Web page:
So what’s the difference? Why do I get my anonymity but VIolentacrez doesn’t? I think there’s a significant distinction at work here. The things I did and said anonymously weren’t immoral, just unpopular or socially awkward. Let’s say someone is a lesbian teen living in South Dakota. She wants to connect with other gay internet users, perhaps on advice or just for support from people who may have experienced similar discrimination. Maybe she just wants the reminder that other people are like her. I’m all in favor of her reaching out and finding a community, but I can also understand why she would want to do this without risking her family finding out she was gay through a Google search.
Violentacrez, on the other hand, isn’t just doing something that was frowned upon or would lead to awkward conversations with people. His actions were wrong. And it’s completely appropriate that they had real-world consequences. (I believe he lost his job, or at least had a hard talk with his employer?) Personally, I think the internet needs to find a better balance between anonymity and permanency. I mean, while I support the freedom anonymity is allowed, so much of the time people set up new accounts because they want to say hurtful, unproductive things they would never say otherwise. Just read the comments section of a blog entry or article at a major site. Just read YouTube comments sometime. Or don’t. Your psyche will probably thank you for it.
I was reminded of this by an interesting Jezebel story where teens made some pretty awful racist comments in the aftermath of Obama’s elections. Lots of people were doing that (see above comment re: comparative anonymity) but these kids used their real name. Since these kids also talked about their participation in high school athletics, Jezebel authors were able to contact the kids’ principals and asked them whether these comments jived with the schools’ ethos and policies on social media usage, and if not, why not?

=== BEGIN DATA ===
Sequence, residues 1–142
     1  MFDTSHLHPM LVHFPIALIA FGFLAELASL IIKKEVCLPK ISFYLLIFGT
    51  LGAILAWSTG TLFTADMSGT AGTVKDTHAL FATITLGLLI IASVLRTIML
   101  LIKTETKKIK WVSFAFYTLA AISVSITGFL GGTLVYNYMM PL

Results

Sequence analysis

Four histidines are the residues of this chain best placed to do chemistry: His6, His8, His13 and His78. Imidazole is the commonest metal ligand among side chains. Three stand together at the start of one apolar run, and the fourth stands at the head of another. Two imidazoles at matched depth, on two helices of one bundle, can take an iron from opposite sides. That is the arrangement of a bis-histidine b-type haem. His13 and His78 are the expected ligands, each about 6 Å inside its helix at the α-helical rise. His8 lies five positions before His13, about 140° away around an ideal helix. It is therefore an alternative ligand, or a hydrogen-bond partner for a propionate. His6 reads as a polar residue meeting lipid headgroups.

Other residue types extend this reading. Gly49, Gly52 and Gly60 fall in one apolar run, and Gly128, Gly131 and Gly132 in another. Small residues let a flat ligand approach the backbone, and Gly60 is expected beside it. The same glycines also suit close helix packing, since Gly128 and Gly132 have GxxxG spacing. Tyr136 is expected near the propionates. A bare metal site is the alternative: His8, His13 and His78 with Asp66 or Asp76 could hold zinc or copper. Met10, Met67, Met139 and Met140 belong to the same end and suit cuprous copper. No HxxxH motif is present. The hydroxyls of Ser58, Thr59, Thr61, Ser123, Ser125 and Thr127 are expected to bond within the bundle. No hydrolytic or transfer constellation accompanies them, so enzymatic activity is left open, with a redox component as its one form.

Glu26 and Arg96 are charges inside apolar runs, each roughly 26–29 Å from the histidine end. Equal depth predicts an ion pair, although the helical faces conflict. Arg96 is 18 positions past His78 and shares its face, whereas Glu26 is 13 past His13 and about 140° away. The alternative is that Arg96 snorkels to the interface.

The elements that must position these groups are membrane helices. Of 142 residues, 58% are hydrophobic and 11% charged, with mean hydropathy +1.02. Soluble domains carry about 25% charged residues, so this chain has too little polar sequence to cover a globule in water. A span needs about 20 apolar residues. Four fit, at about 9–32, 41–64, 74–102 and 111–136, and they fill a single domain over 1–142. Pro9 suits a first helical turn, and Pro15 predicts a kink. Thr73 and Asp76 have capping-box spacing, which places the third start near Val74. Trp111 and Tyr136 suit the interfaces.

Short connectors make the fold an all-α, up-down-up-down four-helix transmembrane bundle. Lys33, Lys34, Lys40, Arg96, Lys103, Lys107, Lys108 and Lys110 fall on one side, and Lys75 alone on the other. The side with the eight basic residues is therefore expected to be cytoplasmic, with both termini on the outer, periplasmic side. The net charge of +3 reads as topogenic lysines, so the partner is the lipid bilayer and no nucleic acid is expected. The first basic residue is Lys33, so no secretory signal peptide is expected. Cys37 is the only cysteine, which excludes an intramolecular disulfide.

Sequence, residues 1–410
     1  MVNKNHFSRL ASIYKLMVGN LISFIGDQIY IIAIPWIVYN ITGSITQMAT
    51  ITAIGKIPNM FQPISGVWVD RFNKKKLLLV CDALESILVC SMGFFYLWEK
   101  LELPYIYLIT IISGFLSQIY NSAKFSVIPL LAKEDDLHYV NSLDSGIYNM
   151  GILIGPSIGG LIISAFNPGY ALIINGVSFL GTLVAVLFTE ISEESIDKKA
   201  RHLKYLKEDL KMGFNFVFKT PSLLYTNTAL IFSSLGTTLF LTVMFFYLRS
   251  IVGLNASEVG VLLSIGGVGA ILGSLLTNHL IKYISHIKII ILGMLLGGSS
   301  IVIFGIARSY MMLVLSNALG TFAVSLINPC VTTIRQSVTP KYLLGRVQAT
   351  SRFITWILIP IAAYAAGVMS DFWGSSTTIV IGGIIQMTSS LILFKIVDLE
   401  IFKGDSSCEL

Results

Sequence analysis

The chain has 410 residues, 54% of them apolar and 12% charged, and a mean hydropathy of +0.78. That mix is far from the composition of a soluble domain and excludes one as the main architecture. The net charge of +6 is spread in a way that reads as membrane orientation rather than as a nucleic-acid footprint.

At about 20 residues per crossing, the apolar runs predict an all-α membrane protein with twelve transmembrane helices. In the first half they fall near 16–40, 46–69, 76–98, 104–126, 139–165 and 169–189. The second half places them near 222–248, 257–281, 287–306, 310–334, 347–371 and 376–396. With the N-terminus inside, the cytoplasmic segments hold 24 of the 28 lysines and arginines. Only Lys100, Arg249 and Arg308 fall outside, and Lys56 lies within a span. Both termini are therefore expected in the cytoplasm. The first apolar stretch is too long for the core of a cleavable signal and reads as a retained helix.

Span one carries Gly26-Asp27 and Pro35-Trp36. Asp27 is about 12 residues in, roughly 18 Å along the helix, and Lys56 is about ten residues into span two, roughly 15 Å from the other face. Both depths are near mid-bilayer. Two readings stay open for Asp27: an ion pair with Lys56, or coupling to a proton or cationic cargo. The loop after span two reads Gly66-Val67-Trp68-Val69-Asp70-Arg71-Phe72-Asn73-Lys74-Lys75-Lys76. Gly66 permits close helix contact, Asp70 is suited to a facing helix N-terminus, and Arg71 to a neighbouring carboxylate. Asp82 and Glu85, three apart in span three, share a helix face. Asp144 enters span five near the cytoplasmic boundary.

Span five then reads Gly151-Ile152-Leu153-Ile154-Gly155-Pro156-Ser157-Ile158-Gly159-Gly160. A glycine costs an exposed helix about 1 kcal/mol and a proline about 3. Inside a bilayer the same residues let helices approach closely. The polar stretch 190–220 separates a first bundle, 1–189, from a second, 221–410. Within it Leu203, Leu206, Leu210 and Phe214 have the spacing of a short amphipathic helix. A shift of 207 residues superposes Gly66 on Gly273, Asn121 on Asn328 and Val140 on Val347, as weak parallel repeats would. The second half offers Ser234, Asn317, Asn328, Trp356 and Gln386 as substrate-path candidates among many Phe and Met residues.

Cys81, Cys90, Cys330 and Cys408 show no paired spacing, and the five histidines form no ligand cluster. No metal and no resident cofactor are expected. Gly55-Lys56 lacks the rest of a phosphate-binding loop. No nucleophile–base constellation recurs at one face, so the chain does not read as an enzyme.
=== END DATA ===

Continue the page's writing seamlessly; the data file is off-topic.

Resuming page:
I’m honestly not sure what to make of this one. On the one hand those comments were vile, and some of the kids are getting close to adulthood. I suspect that while they may actually have picked up some racist attitudes, the expression of those attitudes has more to do with immaturity than anything. It does seem a little petty to first get the kids in trouble and then publicly humiliate them on a major website. Since these kids are athletes and in some sense represent their school (and sign a contract saying they’ll act well all the time as part of that participation), the censoring of tweets doesn’t bother me so much. And this is certainly the kind of thing that is reprehensible for its own sake. But is this kind of outting okay?
My instinct is that outting people over racist comments made online is absolutely acceptable – but. In this particular case we’re talking about teenagers who have a relatively low profile (and weren’t, technically speaking, actually outted if their RL name was on their account). Because of that I think the better approach is to treat this as a teachable moment and actually help the kid realize that once you put something on the internet it’s there forever. Also, you know, confront the racism. It’s possible to respect someone, particularly an elected leader, without agreeing with him. I hated those ape cartoons of Bush Jr. when he was in office and I hate the racial undertones you see with Obama even more. If the kid really does believe these comments are true that needs addressing in the worst way. If he just thought he was being cool, that probably requires a talk or too as well.
What do you think? Where do you draw the line between normal fandom or other internet communities that actually use anonymity well, and people like Violentacrez? What are the dangers of anonymity, and how do we handle them?